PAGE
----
It’s funny how some words are pronounced the same but written and mean something completely differently. Homonyms right? Brake/Break, Cell/Sell, Cent/Scent, you get the idea. Ok so what about Ladies Backcountry Clinics? Ladies Backcountry Rides? Ladies Backcountry Workshops? I know they aren’t pronounced the same, or written the same, but why do people think they mean the same thing or “have to pay for a clinic when a ride/workshop is free”? I get asked this all the time…
I’ve seen females in the sport develop over the years (30 to be exact, go for it, call me grandma, I can take it), and its been a love hate thing for me. Take it back to the old school, where you wore boxy, non waterproof/breathable OEM factory name brands that matched your snowmobile and it would take you 3 days to “break trail” into a spot where today would only take 3 minutes. Back to when there wasn’t many women sledding on the mountain and whoever saw Dan Treadway ride by with his long blonde locks sticking out of his helmet would be in ouuuuuuu and ahhhhhhhhh thinking it was a girl. Back then, women in the sport were all under one umbrella and you barely saw them in the backcountry.
Then there was the evolution of clinics. Around 2010, the OG’s Steph Schwartz, Julie-Ann Chapman up here in Canada, then down in the States was Emile Morishead and Amber Holt. These girls were the pioneers. We had it tough learning to mountain ride “with the boys” and were just left to keep up. Ok yeah the snowmobiles were real hard man handle back then, but still, a lot of tears were shed and a lot of money was spent on wrecked sleds. I can’t speak for the other girls, but I can say for myself, I just wanted to create something for women to be able to learn the sport a little easier than the way I had it…This is why I created She Shreds Mountain Adventures Clinics and Avalanche Courses.
I spent years getting certified for avalanche safety (and still an ongoing curriculum as I am working towards my operations level 2…), so many hours over the years doing wilderness first aid training, an insane amount of time developing a safety plan for clinic operation (she shreds mountain adventures), so much time developing a business plan, finding the right insurance company to insure operations, developing a clinic guide curriculum, dealing with proper permitting to be able to operate legally, dealing with sponsors so that clients can get prizes at the end of clinics and the list goes on… It’s a job. Clinicians are the highest trained personnel for the best snowmobile instruction out there. You want to learn in a fast manner how to progress your skills on a sled, you want organization, you want reputation, you want to be insured, you want to be safe, you want to learn the most you can in a short period of time, you want to learn ALL the tricks and tips, you want to have fun, you want free quality stuff to go home with, you want experience and knowledge, you hire someone to teach you a CLINIC.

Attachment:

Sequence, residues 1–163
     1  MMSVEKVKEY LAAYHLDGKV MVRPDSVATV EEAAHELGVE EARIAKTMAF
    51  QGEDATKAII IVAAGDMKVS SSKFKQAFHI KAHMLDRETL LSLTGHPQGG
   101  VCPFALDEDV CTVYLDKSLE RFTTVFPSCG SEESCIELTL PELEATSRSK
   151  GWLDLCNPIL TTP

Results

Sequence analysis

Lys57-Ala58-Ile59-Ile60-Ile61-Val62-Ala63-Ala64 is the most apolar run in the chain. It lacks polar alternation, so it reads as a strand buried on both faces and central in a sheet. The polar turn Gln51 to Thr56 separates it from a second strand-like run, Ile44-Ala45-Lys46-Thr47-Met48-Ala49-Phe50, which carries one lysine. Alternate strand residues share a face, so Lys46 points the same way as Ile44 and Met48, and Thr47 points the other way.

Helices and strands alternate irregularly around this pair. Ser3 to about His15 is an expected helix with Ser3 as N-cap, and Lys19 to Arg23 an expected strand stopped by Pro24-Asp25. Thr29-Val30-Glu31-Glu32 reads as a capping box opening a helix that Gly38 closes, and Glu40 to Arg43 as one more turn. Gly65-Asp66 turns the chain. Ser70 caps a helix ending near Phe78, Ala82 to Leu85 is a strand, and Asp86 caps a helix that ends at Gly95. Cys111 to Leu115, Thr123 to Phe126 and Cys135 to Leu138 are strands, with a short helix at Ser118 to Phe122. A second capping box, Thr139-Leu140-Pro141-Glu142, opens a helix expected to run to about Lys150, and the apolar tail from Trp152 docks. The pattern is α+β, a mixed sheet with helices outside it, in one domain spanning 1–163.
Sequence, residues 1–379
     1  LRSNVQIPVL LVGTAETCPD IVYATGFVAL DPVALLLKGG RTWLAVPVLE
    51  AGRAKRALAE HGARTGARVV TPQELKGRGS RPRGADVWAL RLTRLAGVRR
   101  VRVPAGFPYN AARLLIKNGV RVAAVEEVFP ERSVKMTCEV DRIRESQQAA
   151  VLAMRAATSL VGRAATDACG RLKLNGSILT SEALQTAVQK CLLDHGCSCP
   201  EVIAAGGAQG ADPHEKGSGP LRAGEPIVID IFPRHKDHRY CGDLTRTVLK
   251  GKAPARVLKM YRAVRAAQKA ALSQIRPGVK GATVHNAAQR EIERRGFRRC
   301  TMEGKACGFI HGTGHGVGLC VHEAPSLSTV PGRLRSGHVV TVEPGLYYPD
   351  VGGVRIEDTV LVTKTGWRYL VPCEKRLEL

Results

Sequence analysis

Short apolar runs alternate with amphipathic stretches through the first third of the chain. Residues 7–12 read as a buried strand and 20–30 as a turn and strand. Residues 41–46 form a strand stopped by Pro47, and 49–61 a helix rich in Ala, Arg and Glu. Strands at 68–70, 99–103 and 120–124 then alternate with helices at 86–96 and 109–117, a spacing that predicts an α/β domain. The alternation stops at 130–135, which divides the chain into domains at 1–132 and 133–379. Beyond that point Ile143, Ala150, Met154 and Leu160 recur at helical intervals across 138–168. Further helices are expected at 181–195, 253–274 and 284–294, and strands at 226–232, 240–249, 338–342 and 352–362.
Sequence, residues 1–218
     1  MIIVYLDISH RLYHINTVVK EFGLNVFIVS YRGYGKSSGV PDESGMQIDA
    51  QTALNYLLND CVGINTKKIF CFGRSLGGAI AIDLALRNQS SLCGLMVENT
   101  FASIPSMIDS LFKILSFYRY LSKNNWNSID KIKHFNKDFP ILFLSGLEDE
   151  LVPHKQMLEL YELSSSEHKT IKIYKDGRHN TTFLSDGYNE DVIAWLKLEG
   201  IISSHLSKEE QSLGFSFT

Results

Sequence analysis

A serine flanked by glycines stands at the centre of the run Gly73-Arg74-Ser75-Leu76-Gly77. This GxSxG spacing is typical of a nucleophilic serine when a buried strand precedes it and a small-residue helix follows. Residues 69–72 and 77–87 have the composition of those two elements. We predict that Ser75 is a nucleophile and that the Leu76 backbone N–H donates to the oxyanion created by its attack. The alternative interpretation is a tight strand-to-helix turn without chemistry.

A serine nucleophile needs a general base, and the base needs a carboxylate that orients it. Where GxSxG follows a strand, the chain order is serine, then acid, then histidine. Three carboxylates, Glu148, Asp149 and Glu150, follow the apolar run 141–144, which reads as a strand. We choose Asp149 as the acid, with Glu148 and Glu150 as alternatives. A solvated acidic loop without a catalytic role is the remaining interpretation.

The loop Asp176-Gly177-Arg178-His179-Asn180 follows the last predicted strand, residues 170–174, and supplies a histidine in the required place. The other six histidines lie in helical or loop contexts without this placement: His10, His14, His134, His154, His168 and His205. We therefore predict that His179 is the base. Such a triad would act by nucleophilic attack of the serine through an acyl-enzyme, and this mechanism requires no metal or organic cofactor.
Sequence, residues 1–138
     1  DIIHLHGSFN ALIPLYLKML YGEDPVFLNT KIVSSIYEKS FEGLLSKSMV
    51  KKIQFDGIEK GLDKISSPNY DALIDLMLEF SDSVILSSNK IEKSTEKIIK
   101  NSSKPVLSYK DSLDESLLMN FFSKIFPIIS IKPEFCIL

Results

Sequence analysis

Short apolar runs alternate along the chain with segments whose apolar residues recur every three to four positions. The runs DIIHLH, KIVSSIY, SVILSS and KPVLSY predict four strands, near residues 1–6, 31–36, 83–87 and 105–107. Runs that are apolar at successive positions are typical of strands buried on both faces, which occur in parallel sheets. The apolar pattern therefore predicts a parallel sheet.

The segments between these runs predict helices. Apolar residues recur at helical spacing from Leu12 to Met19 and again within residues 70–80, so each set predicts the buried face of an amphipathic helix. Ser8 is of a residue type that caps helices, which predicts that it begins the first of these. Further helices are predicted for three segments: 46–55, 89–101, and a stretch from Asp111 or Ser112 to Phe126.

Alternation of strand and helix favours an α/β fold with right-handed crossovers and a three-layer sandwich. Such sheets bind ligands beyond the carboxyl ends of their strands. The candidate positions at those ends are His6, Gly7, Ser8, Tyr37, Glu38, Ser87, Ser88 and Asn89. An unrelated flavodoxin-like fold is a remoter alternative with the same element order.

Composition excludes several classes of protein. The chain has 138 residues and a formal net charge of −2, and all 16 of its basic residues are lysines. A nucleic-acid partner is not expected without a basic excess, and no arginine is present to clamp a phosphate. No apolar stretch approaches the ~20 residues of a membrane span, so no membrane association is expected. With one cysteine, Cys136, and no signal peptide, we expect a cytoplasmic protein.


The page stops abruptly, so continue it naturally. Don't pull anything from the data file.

Then there was the “Ladies Ride” or “Social Ride” movement pioneered by Brandy Floyd. Usually no permits, no insurance, not the best organization, no safety plans, you don’t usually go home with a whole lot learned or new skills, but you do go home with maybe a few new sledding pals (I say usually because there are some organizers that do their diligence and get some stuff like permitting and insurance). Most don’t have their avalanche guide training, most wouldn’t be able to save someone in an emergency. Most of the organizers are on snow part time (once, twice maybe 3 times a week) where the clinicians are on snow usually 6-7 days a week. I would classify these as what they are, social rides. This is why they are free. They are still taking people out in the backcountry and teaching them things without proper certifications or liability coverage. They are responsible for you and your safety. In a court room, who would be liable?
Next is the Ladies backcountry Workshop. Pretty new school. Following the yoga workshops, macramé workshops, dreamcatcher workshop etc we have, with a little bit more liability and risk, the Ladies Backcountry Workshop. Free workshops! Wow! The definition of a workshop is a brief intensive educational program for a relatively small group of people that focuses especially on techniques and skills in a particular field. Pretty close to a clinic correct? BUT, these people putting them on are not professionals, they don’t have the permitting nor the certifications to do snowmobile clinics. No safety plan, spend part time on snow etc etc Would you want to risk your life with someone who can’t try their best at keeping you alive in the backcountry? Ok sure they might get away with calling it a nonprofit organization and not have to provide insurance or permitting, but when the word “donation” or “tips” are being used, is that really nonprofit? Meaning who is liable if something happens? Do they stand a chance in a court room setting? This is why the workshops free.
In all, you get what you pay for depending on the product and safety you want. One thing they all have in common is that the day(s) are put on with a passion for sledding straight from the heart and I give props to all of the women taking on these events. Women in the sport has bloomed and blossomed so much over the past 10 years and this I am loving!!! Stay safe out there and have a blast doing so!